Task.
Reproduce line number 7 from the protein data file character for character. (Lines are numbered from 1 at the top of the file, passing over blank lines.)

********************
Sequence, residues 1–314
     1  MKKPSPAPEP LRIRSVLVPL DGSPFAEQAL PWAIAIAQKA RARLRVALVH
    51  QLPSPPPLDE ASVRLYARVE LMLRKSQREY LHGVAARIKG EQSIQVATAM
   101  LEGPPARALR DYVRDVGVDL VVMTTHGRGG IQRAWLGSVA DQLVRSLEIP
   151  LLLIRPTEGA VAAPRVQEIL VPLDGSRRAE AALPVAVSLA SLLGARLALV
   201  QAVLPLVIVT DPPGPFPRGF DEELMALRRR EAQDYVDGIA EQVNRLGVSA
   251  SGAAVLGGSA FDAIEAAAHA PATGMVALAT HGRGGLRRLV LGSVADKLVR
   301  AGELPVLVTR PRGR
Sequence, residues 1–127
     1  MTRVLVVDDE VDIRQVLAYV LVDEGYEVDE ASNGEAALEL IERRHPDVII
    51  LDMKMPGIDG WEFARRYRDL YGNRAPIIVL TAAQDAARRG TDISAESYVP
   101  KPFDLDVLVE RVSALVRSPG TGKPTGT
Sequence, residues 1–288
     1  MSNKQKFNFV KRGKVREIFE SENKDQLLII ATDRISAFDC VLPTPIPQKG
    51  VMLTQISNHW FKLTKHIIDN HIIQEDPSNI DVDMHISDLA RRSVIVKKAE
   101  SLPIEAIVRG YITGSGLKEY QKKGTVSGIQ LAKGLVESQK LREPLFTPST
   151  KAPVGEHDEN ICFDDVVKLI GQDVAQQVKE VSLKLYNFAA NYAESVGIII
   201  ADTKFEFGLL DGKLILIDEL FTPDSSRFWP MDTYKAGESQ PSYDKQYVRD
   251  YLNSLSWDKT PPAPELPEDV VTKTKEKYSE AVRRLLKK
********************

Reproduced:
   251  SGAAVLGGSA FDAIEAAAHA PATGMVALAT HGRGGLRRLV LGSVADKLVR